This is an undeniably significant action taken by the president of a country like France, a country that continues to grapple with its colonial history to the present day and where few are overtly apologetic for the past. Moreover, France’s willingness to participate in official art restitution puts pressure on other Western European countries with extensive collections of looted art like Germany, the United Kingdom, and the Netherlands, to engage in similar dialogue and initiate restitution of their own. In Germany the pressure seems to have worked, declaring in April 2021 that it will begin returning its own collection of Benin Bronzes to Nigeria starting 2022.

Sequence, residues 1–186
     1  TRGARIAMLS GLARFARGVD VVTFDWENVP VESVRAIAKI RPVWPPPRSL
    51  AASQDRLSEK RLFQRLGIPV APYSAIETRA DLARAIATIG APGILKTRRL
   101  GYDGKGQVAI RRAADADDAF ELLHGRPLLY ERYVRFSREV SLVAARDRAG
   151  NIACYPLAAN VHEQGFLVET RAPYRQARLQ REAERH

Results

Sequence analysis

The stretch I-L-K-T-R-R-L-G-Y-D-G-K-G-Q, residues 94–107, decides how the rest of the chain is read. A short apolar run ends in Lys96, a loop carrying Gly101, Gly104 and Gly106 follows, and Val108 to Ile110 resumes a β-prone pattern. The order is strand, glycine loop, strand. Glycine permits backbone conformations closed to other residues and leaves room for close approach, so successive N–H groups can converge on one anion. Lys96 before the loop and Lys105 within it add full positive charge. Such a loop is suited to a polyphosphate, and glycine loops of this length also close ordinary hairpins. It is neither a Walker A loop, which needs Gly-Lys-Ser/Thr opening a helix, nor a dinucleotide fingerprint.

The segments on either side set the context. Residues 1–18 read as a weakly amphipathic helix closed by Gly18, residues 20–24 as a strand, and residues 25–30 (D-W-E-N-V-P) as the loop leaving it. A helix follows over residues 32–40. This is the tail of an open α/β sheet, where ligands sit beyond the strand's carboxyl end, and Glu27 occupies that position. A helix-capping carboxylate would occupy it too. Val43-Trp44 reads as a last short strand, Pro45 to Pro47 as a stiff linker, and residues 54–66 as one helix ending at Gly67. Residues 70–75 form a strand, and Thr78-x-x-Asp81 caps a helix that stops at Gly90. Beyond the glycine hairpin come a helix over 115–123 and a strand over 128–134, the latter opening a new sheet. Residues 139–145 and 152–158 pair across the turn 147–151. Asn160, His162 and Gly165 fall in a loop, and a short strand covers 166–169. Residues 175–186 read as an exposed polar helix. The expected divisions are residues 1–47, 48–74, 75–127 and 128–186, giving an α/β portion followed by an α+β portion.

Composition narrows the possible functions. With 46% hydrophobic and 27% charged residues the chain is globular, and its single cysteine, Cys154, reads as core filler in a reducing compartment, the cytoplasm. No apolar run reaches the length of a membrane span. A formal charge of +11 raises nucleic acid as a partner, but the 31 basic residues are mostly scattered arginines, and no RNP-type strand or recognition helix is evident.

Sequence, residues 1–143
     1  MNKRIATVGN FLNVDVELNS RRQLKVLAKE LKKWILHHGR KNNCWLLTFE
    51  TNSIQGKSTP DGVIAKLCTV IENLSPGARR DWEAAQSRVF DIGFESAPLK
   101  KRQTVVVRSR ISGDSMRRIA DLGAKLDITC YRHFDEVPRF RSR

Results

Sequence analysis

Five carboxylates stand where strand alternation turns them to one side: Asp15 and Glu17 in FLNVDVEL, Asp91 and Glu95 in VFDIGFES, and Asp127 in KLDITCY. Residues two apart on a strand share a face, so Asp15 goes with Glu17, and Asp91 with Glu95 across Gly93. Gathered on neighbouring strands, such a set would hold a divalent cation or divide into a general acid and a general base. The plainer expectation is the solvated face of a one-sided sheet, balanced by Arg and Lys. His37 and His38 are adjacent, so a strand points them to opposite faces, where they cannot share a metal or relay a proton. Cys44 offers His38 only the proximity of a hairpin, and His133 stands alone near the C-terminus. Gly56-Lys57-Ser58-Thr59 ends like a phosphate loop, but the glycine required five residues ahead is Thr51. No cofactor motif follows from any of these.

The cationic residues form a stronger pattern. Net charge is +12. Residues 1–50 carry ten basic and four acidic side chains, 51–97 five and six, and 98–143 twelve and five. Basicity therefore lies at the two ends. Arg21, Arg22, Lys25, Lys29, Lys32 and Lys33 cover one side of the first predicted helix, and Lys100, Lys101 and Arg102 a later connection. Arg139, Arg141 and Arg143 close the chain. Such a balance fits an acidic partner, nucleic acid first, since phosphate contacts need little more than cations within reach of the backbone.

Why restitution is important
Once something is put in a museum, it becomes an object simply to be gawked at. In this sense, a museum acts as a great equalizer. There is no difference between a bronze hunting tool used by a Neanderthal and a statue of a god many worshiped. The looted art collections across Europe contain many such artifacts that are sacred to the people in their country of origin but are instead displayed halfway across the world as mere peculiarities in the midst of foreign cultures. This results in the art’s displacement from its tradition, decreases its cult value, i.e. any ritualistic significance it holds, and artificially increases the exhibition value of the art, i.e. reducing the art’s value to only its ability to be displayed. The art is then at the mercy of foreigners to be used and displayed however they wish.